Application ITP FS 2019 is open!
Ghent University – Department of Food Safety and Food Quality - is offering a 9 weeks International Training Program “Evidence-Based Decision making in Food Safety” (recalled “ITP Food Safety”)
The ITP “Evidence-Based Decision Making in Food Safety” (in short “ITP Food safety”) is the continuation of the experience build with the ITP “Food Safety, Quality Assurance and Risk Assessment” running sice 2009. The new proposal emerged from the needs to focus on the actual decision making process to manage food safety issues in emerging and developing countries. The revised ITP Food Safety introduces and strengthens the concept of ‘evidence-based decision making’. This concept is relatively new in food safety, but widely applied e.g. in public health management decisions. Evidence-based decision making can be defined as ‘a process for making decisions about a program, practice, or policy that is grounded in the best available research evidence and informed by experiential evidence from the field and relevant contextual evidence’ https://www.cebma.org/wp-content/uploads/Evidence-Based-Practice-The-Basic-Principles.pdf
Fig.1. The elements of evidence-based decision making
RATIONALE OF THE TRAINING :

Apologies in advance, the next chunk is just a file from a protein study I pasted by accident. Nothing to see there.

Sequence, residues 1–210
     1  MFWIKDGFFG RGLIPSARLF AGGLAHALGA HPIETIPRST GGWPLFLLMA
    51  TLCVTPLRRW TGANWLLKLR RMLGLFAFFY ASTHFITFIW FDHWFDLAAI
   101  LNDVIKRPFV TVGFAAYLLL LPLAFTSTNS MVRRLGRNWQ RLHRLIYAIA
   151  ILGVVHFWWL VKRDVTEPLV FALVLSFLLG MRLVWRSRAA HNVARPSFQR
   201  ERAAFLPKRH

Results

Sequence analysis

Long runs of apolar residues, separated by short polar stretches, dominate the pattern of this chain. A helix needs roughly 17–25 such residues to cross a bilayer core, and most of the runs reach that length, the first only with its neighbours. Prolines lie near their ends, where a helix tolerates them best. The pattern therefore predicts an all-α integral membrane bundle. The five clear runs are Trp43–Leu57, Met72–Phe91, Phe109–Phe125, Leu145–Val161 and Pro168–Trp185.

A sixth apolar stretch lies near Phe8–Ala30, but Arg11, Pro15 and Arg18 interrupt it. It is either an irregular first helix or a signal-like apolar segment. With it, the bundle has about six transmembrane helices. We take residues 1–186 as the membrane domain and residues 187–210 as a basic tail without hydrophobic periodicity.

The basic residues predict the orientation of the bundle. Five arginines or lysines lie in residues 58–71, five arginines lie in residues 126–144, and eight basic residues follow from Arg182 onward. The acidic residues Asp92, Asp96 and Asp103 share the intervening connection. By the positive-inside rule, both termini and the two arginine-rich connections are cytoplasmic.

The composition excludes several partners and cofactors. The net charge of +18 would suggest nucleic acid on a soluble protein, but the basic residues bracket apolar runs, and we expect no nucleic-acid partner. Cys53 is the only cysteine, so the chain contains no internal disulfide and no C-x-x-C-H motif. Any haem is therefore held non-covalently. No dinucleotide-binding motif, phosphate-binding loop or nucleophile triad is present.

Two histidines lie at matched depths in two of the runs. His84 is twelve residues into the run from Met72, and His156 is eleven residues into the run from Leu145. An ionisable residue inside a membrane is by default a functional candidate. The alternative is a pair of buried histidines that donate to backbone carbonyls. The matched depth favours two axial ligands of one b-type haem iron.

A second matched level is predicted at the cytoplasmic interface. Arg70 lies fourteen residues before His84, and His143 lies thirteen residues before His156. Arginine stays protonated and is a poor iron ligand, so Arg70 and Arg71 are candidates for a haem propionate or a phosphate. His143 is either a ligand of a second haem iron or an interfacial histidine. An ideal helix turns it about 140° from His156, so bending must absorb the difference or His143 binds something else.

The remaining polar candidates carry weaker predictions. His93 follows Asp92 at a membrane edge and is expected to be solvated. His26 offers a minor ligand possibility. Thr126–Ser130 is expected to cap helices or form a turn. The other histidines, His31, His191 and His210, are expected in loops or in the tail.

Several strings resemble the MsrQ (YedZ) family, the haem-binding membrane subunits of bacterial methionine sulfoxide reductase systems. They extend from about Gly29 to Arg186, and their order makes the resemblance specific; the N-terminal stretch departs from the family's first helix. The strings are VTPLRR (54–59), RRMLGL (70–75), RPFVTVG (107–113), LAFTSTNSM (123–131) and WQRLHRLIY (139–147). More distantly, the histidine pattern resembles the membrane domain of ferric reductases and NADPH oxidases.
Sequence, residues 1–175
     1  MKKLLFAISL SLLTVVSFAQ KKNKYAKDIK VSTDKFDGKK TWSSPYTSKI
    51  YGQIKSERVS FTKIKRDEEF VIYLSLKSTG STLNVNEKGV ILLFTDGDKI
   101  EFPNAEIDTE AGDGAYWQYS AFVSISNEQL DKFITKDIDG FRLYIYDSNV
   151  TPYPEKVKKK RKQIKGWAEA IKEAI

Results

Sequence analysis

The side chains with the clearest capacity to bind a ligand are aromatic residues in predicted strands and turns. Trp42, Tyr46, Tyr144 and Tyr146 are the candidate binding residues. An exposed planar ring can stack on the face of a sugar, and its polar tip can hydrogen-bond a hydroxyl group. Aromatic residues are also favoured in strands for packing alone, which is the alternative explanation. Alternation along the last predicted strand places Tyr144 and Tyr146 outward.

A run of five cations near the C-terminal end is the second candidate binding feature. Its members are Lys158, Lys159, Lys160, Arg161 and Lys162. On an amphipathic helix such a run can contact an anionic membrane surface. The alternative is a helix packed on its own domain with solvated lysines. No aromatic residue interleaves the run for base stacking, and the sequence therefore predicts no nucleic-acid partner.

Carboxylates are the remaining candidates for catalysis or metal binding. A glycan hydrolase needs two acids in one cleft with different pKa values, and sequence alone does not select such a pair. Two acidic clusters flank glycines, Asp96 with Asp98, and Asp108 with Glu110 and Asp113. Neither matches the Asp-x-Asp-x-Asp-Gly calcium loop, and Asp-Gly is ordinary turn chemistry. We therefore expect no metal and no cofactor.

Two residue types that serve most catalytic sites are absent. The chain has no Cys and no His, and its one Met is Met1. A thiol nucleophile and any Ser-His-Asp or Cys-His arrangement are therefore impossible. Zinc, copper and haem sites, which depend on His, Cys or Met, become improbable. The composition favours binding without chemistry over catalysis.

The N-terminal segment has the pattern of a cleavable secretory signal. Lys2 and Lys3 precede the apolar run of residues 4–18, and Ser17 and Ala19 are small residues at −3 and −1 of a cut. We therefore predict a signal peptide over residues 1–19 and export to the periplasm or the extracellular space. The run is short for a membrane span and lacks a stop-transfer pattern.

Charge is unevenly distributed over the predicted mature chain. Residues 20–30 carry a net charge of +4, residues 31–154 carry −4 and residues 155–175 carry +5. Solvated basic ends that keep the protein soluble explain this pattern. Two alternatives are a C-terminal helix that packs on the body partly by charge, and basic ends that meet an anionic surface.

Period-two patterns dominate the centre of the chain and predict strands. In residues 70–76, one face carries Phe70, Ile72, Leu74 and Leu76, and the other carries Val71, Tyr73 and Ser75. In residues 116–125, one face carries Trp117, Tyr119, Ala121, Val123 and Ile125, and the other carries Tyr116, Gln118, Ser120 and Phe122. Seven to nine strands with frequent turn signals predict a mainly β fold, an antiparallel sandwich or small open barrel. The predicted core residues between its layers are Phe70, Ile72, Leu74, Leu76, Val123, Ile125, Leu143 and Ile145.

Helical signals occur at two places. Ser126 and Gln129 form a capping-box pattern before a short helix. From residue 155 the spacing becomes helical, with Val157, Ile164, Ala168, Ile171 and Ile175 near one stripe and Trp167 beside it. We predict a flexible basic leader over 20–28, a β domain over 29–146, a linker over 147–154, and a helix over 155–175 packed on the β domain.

Food security and sustainable food chains are being aimed for globally, however, in countries in the South, challenges are considerably bigger due to multiple reasons such as non-optimised food production systems, logistic restrictions, challenging climatic conditions, etc. Over the past decades, education and research in the South was mainly focused on the need to produce enough (nutritious) foods resulting in a significant improvement in the local capacity with respect to primary production, post-harvest and food processing technology. However, when a food chain is being established, food safety problems tend to occur during (prolonged) storage of foods, dislocation between site of production and consumption and/or post-contamination in multiple steps of food handling. Moreover, food safety requirements for export oriented chains were extended to the domestic food chains. In combination with the growing representation of developing countries in international organisations such as Codex Alimentarius (WHO/FAO) or in the recently created ARAC (Asian Risk Assessment Centre,(http://www.arac-asean.org/), human capacity building is further needed in evidence-based decision making as comprehensive approach including a qualitative or quantitative risk assessment to prioritize and support the selection of suitable mitigation strategies to improve food safety and thus also food security and food sustainability.